Steve Bould, Arsenal’s under-18 Academy coach, believes he has the ‘best job in the world’ passing on Arsene Wenger’s football philosophy to the next generation of Gunners and has intimated that a step up to coaching the first team is not on his agenda.
The former centre-back, who spent 11 years at Arsenal as part of the club’s legendary defence, has been tipped by former teammates (including Lee Dixon), fans and the media as a possible successor to Wenger when the Frenchman finally decides to step down. Nevertheless, while accepting his current state of mind could change, Bould made clear that the invasive nature of managing in the Premier League does not currently appeal.
“I think when I was asked back then [in the late nineties] I didn’t even contemplate going into coaching, so you never say never, but I feel management is not for me,” he told the official matchday programme ahead of last night’s win against Milan. “It’s just too intrusive on all aspects of your life.”
“I enjoy what I do. I get a massive satisfaction from seeing my players improve and make careers out of the game. The ultimate is seeing players we have worked for running out of the tunnel playing for our first team.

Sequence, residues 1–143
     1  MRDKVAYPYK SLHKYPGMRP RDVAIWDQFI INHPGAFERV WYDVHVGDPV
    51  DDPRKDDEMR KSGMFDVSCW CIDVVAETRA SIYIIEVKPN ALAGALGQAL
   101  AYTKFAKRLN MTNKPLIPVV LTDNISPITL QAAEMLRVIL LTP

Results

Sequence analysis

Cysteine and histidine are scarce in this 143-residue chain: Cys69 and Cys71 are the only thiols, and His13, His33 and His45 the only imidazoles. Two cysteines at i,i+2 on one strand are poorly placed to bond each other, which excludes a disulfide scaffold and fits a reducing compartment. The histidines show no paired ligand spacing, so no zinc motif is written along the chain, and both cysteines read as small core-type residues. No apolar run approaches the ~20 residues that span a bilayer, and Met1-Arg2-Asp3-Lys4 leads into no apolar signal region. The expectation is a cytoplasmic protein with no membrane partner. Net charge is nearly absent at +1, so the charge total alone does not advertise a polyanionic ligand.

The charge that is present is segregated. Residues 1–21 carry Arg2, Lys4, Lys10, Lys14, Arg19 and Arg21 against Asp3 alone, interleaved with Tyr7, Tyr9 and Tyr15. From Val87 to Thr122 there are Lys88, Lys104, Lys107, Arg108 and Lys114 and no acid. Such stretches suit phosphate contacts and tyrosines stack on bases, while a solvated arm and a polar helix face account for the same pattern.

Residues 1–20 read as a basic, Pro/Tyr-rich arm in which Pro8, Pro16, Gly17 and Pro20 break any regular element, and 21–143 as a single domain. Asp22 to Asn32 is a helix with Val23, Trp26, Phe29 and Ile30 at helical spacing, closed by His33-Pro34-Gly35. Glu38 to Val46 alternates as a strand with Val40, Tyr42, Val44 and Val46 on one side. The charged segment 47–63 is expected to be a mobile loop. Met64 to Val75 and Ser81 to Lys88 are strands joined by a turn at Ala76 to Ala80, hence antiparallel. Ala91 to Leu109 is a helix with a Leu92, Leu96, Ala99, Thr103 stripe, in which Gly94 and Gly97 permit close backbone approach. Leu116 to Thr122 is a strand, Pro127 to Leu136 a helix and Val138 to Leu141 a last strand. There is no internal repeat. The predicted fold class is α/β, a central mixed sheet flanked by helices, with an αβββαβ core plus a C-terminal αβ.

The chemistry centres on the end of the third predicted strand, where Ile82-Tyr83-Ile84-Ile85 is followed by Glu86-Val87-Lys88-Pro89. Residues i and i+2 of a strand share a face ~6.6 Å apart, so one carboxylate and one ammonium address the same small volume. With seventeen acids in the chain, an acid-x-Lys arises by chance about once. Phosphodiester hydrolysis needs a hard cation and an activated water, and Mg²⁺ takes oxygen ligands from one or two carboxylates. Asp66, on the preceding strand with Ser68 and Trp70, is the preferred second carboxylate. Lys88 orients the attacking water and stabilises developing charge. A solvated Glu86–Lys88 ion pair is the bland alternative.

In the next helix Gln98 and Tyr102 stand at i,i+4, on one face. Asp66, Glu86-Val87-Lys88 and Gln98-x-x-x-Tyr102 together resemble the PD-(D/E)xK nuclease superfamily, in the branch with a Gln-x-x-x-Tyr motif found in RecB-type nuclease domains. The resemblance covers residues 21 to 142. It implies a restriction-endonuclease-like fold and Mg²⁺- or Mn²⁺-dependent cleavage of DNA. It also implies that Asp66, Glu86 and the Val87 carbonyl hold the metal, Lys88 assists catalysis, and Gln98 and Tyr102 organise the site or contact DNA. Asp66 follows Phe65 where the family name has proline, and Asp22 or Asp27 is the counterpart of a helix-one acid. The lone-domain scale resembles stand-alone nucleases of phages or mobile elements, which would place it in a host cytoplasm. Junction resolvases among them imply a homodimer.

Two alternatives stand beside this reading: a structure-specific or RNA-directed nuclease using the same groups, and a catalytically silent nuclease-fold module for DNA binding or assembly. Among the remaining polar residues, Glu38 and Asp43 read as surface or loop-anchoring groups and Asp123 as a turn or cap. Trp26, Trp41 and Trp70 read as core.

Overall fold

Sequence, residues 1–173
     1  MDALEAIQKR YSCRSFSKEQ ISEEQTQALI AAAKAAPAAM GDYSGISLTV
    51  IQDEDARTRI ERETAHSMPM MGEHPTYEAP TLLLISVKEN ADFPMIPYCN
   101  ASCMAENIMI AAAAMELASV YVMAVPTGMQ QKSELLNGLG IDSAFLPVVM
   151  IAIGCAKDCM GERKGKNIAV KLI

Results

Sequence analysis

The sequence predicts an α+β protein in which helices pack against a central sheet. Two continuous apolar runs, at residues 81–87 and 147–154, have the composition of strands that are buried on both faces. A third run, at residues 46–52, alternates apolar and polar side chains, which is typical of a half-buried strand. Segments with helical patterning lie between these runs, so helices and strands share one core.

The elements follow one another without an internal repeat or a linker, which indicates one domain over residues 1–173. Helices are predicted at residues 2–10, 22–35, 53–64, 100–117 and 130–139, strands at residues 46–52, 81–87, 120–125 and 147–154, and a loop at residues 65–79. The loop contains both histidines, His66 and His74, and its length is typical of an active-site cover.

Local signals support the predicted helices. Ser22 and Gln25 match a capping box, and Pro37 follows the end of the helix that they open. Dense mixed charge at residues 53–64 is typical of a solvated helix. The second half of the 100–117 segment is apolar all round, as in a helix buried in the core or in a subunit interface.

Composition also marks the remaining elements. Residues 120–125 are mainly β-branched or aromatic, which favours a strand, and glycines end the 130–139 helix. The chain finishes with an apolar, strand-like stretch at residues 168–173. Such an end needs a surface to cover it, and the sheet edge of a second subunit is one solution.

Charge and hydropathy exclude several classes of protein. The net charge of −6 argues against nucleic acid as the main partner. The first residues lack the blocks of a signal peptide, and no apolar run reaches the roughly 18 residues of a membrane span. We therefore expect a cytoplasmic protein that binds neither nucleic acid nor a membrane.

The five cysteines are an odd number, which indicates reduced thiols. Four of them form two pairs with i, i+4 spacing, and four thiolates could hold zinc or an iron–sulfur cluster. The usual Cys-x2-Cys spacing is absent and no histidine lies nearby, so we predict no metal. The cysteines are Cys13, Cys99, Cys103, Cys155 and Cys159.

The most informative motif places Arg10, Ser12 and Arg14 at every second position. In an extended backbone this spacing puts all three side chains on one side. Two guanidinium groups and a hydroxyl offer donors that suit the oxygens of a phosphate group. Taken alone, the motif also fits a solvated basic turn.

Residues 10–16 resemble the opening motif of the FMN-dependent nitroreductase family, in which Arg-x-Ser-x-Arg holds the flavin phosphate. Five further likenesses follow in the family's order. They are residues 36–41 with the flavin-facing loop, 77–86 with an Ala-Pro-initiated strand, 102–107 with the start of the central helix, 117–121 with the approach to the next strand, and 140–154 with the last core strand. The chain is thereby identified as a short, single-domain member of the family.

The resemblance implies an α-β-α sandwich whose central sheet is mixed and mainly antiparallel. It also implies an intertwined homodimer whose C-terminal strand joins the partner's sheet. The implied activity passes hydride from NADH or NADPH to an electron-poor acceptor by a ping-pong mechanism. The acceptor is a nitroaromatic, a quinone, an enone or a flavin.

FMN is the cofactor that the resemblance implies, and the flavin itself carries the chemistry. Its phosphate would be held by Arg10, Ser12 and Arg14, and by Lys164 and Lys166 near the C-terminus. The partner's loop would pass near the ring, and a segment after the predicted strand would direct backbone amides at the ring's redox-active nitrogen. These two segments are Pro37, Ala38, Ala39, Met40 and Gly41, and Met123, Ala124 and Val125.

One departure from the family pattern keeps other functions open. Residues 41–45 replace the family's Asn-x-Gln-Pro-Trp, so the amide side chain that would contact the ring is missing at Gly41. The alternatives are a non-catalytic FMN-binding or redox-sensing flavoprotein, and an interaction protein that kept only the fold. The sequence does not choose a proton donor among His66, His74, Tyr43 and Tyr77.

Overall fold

“I honestly feel I have the best job in the world. Doing what I love, with the facilities and footballing philosophy we have at this club, I have a fantastic job.”
While the top job may not necessarily be on Bould’s agenda, the fact that Pat Rice is due to retire this summer has given rise to the suggestion that he could still move into the Emirates dugout in a coaching capacity.
Many have suggested that as a dyed-in-the-wool defender Bould would be able to pass on some of the tactical intelligence learned on the job alongside the likes of David O’Leary, Tony Adams and Martin Keown.
Accepting that certain values remain the same, Bould made clear that the art of defending has changed so much since his retirement that the old days of stepping up as a unit and flagging for offside are long gone.
“You could not step up with your arm out and scream offside like we used to. That is not an area you can really coach any more. Also, you cannot get away with going to ground or any real aggressive tackling the way we used to nowadays.
“So, while there are some principles that persist, passing on what I used to do as a player has to be adapted.”
It should be an interesting summer at London Colney. Picking a successor to Rice could well be the biggest clue Arsene gives to his own future at the club and a much-anticipated insight into life after he leaves North London.